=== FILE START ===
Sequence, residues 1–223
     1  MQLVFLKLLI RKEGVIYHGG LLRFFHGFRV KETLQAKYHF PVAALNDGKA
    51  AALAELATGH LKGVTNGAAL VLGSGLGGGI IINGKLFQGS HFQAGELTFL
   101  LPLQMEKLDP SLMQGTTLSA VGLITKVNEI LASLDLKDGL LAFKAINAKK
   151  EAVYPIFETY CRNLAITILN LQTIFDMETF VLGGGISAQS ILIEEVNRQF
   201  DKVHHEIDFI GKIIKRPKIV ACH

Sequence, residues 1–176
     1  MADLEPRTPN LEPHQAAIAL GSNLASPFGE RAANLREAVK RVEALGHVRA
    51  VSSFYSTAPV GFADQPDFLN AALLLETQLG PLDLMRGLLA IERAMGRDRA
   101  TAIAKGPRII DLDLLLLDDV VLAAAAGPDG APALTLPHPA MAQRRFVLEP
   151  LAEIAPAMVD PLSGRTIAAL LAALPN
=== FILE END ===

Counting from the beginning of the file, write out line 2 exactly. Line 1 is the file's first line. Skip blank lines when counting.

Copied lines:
     1  MQLVFLKLLI RKEGVIYHGG LLRFFHGFRV KETLQAKYHF PVAALNDGKA